Advertising

Successful People Make Self-Learning Their Daily Habit By Using These 20 Apps

Successful People Make Self-Learning Their Daily Habit By Using These 20 Apps
Advertising

When’s the last time you learned something new?

Do you motivate yourself to learn new skills, tips, and hacks, or do you prefer to let learning happen naturally or only when the need arises?

Mobile technology has created new pathways for all types of learning styles to help people discover new information however they learn best. Whether it’s performing a quick Google search on the go or getting a daily dose of brain buster exercises, there exist a multitude of free apps that can help you learn valuable new things every day.

Knowledge Is Power – Get Both With These 20 Best Apps

If you want to take initiative to teach yourself new things, these 20 apps for motivated learning styles will put you in information paradise.

General Knowledge

TED

Motivated learning styles aren’t just about active learning. If you’d rather sit back and listen to new ideas, the TED app gives you instant access to thousands of “TED Talks” that showcase what’s happening in various industries. These short lectures can deliver insight into new technology, discoveries, art, science, design, and a range of other topics.

Coursera

Perhaps one of the biggest advancements in the history of e-learning, Coursera has teamed up with top schools like Duke, Stanford, and John Hopkins to bring you direct access to real college courses in psychology, computer science, business, and technology. Each course features pre-recorded videos, projects, and quizzes, just like you would receive inside the classroom.

edX

Advertising

Similar to Coursera, users can access higher education courses without the higher education expenses. You can enroll in courses and participate in quizzes, lectures, and assignments at your own pace.

Khan Academy

While Khan Academy doesn’t offer authentic university courses like edX and Coursera, they do feature well-crafted educational lessons that can fuel your passion for learning. With more than 4,000 videos ready to watch in a tap’s notice, you can brush up on a variety of topics ranging from grade school math and science to art, economics, and computers.

The Fact App

Sometimes, you just don’t know what you don’t know. And the Fact App can show you some truly helpful information your brain has been missing. The app delivers daily fun, useful facts and questions on a variety of topics, including American economics, politics, and social circumstances that are geared towards helping you make informed decisions about the world around you.

Brain Training

Lumosity

One of the most popular brain training apps available, Lumosity features three-game sessions that target many different area of brain activity: memory, speed, problem solving, and thinking flexibility. Each day you can engage in a timed session to sharpen mental prowess and track your progress over time.

Fit Brains Trainer

Users can access over 360 unique puzzles and games geared toward improving mental skills. The games start out easy, then become increasingly complex to give your brain an effective workout. You can track your performance with integrated progress tools and benefit from training recommendations.

Advertising

Brain Trainer Special

Much like Lumosity, users can engage in simple activities, such as sequencing, math problems, and memorization, that focus on stretching your mental agility. You can choose from a range of skill levels to prevent brain burnout.

Eidetic

If you struggle to remember or memorize information, Eidetic’s spaced recognition focus can help prime your brain for stronger recall. This one differs from other brain training apps in that it uses information in context and meaning, such as phone numbers, bank accounts, interesting quotes, and other details.

Language & Travel

Duolingo

If you’ve ever wanted to learn a new language but didn’t know where to start or couldn’t afford Rosetta Stone, you need to check out Duolingo. This app teaches more than dozen languages by breaking up exercises into mini games. The developer of Duolingo claims that 34 hours of learning in this app equals a full semester’s worth of school.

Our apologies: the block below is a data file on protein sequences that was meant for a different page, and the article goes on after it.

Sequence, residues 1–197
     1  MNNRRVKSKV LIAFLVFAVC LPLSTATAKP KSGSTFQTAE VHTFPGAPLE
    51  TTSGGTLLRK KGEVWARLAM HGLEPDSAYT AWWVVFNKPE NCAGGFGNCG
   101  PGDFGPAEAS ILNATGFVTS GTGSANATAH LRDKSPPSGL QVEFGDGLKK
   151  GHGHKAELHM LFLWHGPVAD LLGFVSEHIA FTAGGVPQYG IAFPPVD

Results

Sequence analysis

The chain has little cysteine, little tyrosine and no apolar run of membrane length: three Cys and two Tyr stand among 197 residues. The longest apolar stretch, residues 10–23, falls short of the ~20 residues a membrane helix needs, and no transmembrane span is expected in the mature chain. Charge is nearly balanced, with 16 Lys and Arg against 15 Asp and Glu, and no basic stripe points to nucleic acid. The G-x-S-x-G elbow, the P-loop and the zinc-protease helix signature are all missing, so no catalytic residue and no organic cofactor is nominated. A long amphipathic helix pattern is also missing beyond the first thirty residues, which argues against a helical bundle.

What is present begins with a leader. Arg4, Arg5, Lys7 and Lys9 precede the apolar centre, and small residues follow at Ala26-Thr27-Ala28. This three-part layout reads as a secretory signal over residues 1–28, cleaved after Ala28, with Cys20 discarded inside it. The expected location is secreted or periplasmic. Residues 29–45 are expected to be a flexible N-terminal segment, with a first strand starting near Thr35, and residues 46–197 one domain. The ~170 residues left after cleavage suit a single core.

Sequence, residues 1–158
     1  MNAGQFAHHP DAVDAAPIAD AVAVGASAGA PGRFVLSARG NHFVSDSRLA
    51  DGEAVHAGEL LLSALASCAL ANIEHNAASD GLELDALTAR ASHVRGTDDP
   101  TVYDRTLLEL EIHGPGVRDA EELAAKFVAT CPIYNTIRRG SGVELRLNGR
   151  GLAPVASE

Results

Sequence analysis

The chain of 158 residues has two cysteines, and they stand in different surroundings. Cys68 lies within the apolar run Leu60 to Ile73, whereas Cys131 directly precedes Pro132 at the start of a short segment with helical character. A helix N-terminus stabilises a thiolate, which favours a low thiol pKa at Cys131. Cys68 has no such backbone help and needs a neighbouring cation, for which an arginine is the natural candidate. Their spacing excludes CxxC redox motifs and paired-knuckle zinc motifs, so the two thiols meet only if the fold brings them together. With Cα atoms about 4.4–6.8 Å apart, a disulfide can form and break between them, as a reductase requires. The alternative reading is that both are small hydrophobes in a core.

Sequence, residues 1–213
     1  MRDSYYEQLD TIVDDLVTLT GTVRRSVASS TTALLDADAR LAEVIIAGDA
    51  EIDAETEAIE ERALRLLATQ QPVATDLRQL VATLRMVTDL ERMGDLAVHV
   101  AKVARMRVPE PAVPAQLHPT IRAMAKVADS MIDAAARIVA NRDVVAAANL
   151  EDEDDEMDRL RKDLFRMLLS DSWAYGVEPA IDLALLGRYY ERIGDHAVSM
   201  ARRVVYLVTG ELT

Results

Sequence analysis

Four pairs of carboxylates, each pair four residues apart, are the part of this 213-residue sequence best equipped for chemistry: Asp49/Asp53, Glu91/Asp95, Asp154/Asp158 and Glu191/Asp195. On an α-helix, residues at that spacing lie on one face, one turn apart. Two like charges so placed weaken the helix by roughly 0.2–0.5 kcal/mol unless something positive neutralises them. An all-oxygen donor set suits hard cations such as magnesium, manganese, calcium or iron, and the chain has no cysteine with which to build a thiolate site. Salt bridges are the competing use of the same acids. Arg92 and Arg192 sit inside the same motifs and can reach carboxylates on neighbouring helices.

iTranslate

This app serves as the voice translator for dozens of languages. It works in two directions: translating your native language to another, or translating a foreign language into your native language.

USA Factbook & Quiz

Advertising

No matter where you travel in the USA, a landscape of state facts and information await you at your fingertips. This app delivers details about all 50 states, including capitals, population, state nicknames, and photos. You can take quizzes to test your knowledge of states, US presidents, state capitals, and more.

Technology & Engineering

Lynda

Similar to Coursera, Lynda focuses more on building work skills and technology knowledge. They teach you things like coding, website design and creation, music recording, and Microsoft Office. While you can score some of their courses for free, you can get full access to everything for $25/month.

Tynker

Learn the basics of coding via puzzles, then create your own games using step-by-step tutorials. This app is also praised as an effective introduction to coding for children.

Tinkerbox

Fun for kids and adults of all ages, you can tinker with physics to build your own mechanical gadgets. You’ll learn the role of physics in engineering while you expand your creativity and construct your masterpiece out of boxes, balls, levers, and other mechanical pieces.

Maths

PhotoMath

If you want to sharpen your complex math skills, PhotoMath is your teacher. The app uses your phone’s camera to read any equation, then shows you step by step how to work out the problem. Not only do you get the right answer, but you also get to see how to get the answer. You get all the basics with the free version, or you can go pro for step-by-step instructions and in-depth explanations.

Advertising

Mathspace

If you have a middle school or high school student at home taking common core math, or if you simply want to brush up on your own math skills, Mathspace is the place to get expert guidance. You can work full problems online and get instant feedback and help on each one. They feature over 30,000 interactive questions that cover algebra, geometry, graphing, basic math, and statistics.

Science

Amazing Science Facts

The perfect tool for the science geek in all of us, you can learn new science facts and trivia whenever the mood strikes. You’ll get a notification every day, along with the option to explore the app for specific topics for more learning experiences.

EarthViewer

Ever wonder what Earth looked like a million years ago? There’s no better way to know than to look for yourself. EarthViewer takes you on a digital journey to see how the landscape and face of the planet has evolved over the past 4.5 billion years. You can scroll through eons with a swipe of your finger and view climate changes, sea level adjustments, or the evolution of famous landmarks and cities.

The Night Sky

Download the Night Sky app and learn what exactly you’re seeing every time you look up into the sky. You’ll learn how to quickly identify planets, constellations, stars, and satellites simply by opening the app and holding your phone into the sky. Users can also land on the moon and tour the Apollo 11 and Apollo 15 landing sites. It’s the closest thing to magic you’ve seen yet.